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Bit Allocation for Wavelet Image Compression and Uniform Bit Loss
Alexander E. Mohr1
- Eve A. Riskin - Richard E. Ladner
Proceedings of the 32nd Annual Conference on Information Sciences
and Systems, March 1998 (CISS'98). 2 pages.
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We explore the distribution of bits among wavelet image subbands
that are transmitted across a channel with uniform bit loss, which models
interleaved data sent across a packet erasure channel.
We develop a closed-form expression
relating the source rate-distortion curves to the rate-distortion
curves that include the effect of expected bit losses. We use that
expression to determine optimal bit assignments for each subband.
Our results show that the bit allocation is biased against long codeword
indexes; as a result, the bit allocation is more uniform among subbands
presence of loss than under conditions of no loss.
To demonstrate our methods, we use a 3-level discrete wavelet
transform and encode each subband with its own balanced tree-structured
vector quantizer of block size 2
The wavelet transform is a linear orthonormal transform that
concentrates signal energy in a small number of subbands,
and any error introduced in the
transform domain is quantitively identical in the signal domain.
A tree-structured vector quantizer is progressive: a crude
representation is transmitted first, followed by better and better
approximations in subsequent passes.
Our approach to handling the loss of a
bit in a codeword is to truncate it to the previously-received bits, thus
treating those bits as an index to an internal node in the tree.
We derive an equation for the expected distortion in the
presence of bit loss, as seen by
- Let r be the rate in bits per vector.
- Let Dr be the distortion at rate r.
- Let PL be the probability of losing a bit.
We then let
be the probability
that bit k is ``useful,'' which we define as the case in
which that bit is received and the previous bit is also ``useful.''
Solving that recurrence yields:
The ``benefit'' of a bit is the decrease in distortion
that results from receiving that bit, as illustrated in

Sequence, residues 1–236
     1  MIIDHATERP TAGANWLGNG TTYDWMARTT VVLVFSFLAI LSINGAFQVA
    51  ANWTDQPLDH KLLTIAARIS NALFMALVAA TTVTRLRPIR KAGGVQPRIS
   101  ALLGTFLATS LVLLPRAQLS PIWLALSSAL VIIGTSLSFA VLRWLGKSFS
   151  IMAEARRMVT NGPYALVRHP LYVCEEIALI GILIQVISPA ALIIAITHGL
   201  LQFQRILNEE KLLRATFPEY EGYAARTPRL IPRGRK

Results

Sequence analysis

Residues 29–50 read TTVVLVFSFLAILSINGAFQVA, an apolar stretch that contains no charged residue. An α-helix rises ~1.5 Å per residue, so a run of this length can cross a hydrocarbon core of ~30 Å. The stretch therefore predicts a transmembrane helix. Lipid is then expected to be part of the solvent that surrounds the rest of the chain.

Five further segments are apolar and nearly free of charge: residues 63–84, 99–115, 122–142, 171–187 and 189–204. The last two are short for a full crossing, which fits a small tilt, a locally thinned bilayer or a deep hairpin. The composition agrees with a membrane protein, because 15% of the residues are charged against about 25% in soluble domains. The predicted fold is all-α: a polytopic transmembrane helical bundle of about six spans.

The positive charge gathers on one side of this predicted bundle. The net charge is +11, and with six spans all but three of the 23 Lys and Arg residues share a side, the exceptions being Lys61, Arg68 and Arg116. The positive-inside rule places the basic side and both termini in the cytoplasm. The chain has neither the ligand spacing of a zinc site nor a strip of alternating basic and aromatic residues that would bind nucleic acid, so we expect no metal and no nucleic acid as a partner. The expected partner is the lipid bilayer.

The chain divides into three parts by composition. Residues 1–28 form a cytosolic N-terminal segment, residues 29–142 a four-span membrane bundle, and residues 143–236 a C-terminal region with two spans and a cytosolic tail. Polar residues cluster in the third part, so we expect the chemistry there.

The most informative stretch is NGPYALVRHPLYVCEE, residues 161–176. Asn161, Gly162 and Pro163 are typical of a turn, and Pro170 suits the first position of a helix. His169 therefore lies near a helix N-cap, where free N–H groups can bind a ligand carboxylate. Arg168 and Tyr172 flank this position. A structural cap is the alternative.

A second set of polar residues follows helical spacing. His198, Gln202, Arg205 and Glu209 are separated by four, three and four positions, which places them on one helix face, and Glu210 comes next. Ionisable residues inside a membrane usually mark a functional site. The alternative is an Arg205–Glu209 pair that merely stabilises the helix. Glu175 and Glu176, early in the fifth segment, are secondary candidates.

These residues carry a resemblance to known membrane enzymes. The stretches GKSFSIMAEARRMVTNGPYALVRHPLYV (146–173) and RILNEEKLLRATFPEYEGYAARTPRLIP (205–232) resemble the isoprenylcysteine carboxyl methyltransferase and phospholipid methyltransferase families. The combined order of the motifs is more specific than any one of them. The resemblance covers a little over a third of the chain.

The ``benefit'' of a bit is the decrease in distortion
due to receiving that bit. It is a positive number.
In the presence of bit
loss, the k-th bit no longer reduces the distortion by Bk,
but rather by the smaller quantity
PU,k Bk. That change results
in the following equation for the adjusted distortion:
In other words, the adjusted distortion for a given rate is the distortion
at rate 0 subtracted by the adjusted benefit of each additional
As bit losses increase, fewer bits are assigned to the
low-frequency thumbnail subband, whereas more bits are
assigned to high-frequency detail subbands.
Bit allocation among the subbands is done with an
extension  to the GBFOS
algorithm . It allocates
bits among the various subbands such
that all allocations lie on the lower convex hull of the rate-distortion
curve. The effect of Equation 4 is to bias the
allocation against longer codeword indexes. As the percentage of lost
bits increases, the coarse subbands that would
normally have many bits assigned to them (corresponding to a deep
tree) end up with a reduced number of bits, while the fine-scale
subbands that would usually have few, if any, bits assigned to them,
end up receiving more (but still not as many as the coarse ones, as
shown in Figure 2). Essentially, in the presence of
high bit loss rates, the benefits of allocating bits to low-rate detail
subbands are diminished, but the benefits of high-rate coarse subbands are
diminished far more rapidly.
Bit loss reduces the slope of the rate-distortion curve by a
factor that is exponential in the bit rate. The exponential factor
implies that short
codeword indexes are affected less than long vector indexes.
As losses increase, an allocation that is skewed towards low frequency
subbands will shift to an allocation that is more evenly distributed.
It is interesting to note that a
scheme that equalizes the bit rate assigned to each subband would
largely eliminate the
For example, using higher dimension vectors
for the fine-scale bands would collect the information content of
even more coefficients into a single codeword.
In other work, we examine the effect of bit errors on the same
class of decompositions and develop methods to detect and correct those
errors. In future work, we will explore methods of using channel
coding to protect
image compression schemes, such as EZW  or
SPIHT , as they are sent across lossy channels.
E. A. Riskin, ``Optimum bit allocation via the generalized BFOS algorithm,''
IEEE Transactions on Information Theory, vol. 37, pp. 400-402, Mar.
L. Breiman, J. H. Friedman, R. A. Olshen, and C. J. Stone, Classification
and Regression Trees.
The Wadsworth Statistics/Probability Series, Belmont, California:
J. M. Shapiro, ``Embedded image coding using zerotrees of wavelet
coefficients,'' IEEE Transactions on Signal Processing, vol. 41,
pp. 3445-3462, Dec. 1993.
A. Said and W. A. Pearlman, ``A new, fast, and efficient image codec based on
set partitioning in hierarchical trees,'' IEEE Transactions on Circuits
and Systems for Video Technology, vol. 6, pp. 243-250, June 1996.
- ... Mohr1
This work was supported by U.S. Army Research Office
grant DAAH04-96-1-0255, an NSF Young Investigator Award, and a Sloan
Departments of Electrical Engineering and Computer Science and Engineering,
University of Washington, Box 352500, Seattle, WA 98195-2500. http://rcs.ee.washington.edu/dcl/amohr/